Why a RTT (roof top tent)?

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vegasjeepguy

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It's the only way to go in my opinion. Just wish it hadn't taken me so many years to realize it.
Agreed...and certainly the most comfortable way to go. When I was sitting in the tent Sunday morning I was overcome with the feeling I was 10 years old sitting in my treehouse snug as a bug in a rug.
 

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Has anyone had any experience with the 23 zero rtt's? I'm also in the market for one and have been reading specs sheets on several brands...Tepui, ARB, Smittybilt, 23 zero, CVT... I'm really leaning towards a 23 zero or tepui because of the implied frame strength. I want a tent that can be used in the heavy snow if need be. Anyone else have any personal input or advice they'd be willing to send my way?
 

vegasjeepguy

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The Tepui ruggedized line of tents are rock solid. I replaced a standard Kukenam with a ruggedized Kukenam XL. In addition to the larger footprint, the diamond plate base is much stronger (and a bit heavier) than the standard aluminum base. The canvas is also heavier insulting better and withstanding wind , rain and snow to a greater degree. My advice is always get the biggest tent you can fit and afford. You will never wish your tent was smaller.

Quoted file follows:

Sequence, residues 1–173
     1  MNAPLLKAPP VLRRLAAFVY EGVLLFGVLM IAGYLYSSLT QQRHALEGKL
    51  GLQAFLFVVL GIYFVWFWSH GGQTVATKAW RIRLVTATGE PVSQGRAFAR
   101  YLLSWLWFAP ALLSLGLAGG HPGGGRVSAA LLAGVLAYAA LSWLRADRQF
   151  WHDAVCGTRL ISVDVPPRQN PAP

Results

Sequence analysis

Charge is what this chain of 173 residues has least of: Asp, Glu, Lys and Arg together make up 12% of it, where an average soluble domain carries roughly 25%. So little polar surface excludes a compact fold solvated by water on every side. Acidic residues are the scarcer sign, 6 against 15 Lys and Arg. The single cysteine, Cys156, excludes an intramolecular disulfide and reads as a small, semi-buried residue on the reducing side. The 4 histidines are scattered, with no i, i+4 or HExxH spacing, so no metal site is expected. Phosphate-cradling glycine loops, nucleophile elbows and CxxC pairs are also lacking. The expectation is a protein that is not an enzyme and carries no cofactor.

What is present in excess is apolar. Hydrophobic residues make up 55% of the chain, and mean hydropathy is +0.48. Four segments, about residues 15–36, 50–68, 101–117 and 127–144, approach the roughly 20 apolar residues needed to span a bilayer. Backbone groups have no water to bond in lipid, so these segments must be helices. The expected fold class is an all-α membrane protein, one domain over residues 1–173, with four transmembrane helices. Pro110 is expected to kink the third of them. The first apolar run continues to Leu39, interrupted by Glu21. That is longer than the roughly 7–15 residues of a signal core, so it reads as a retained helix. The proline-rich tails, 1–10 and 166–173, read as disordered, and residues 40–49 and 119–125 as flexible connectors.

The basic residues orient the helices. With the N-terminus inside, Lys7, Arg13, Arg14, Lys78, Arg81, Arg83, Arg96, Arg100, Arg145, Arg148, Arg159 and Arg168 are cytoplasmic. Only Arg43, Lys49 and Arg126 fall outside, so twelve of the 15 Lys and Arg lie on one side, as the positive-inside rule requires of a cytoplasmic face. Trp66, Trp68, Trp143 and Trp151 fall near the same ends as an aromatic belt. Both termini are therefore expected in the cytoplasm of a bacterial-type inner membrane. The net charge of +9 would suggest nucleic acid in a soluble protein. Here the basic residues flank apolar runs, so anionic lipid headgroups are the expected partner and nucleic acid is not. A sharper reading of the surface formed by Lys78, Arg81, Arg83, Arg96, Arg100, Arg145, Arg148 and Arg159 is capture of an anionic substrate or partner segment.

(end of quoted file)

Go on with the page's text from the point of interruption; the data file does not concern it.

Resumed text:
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4xFar Adventures

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I've always wanted an RTT, but the girlfriend and 150 lbs. St Bernard keep the tent on the ground. After a couple weekends in the OzTent RV-5, I think that will be the next tent purchase.

Tepui makes great stuff and always go out of their way to keep their users happy. The tents are well made (look at their Death Valley wind storm video) and always working to tweak their design. They are in Santa Cruz, and might be local enough for a lot of the OB folks (re: save on shipping).
 
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Contributor I

The Tepui ruggedized line of tents are rock solid. I replaced a standard Kukenam with a ruggedized Kukenam XL. In addition to the larger footprint, the diamond plate base is much stronger (and a bit heavier) than the standard aluminum base. The canvas is also heavier insulting better and withstanding wind , rain and snow to a greater degree. My advice is always get the biggest tent you can fit and afford. You will never wish your tent was smaller.
I appreciate that advice. It sounds logical to get the biggest you can since its a large investment (to me anyways).
 

Contributor I

I've always wanted an RTT, but the girlfriend and 150 lbs. St Bernard keep the tent on the ground. After a couple weekends in the OzTent RV-5, I think that will be the next tent purchase.

Tepui makes great stuff and always go out of their way to keep their users happy. The tents are well made (look at their Death Valley wind storm video) and always working to tweak their design. They are in Santa Cruz, and might be local enough for a lot of the OB folks (re: save on shipping).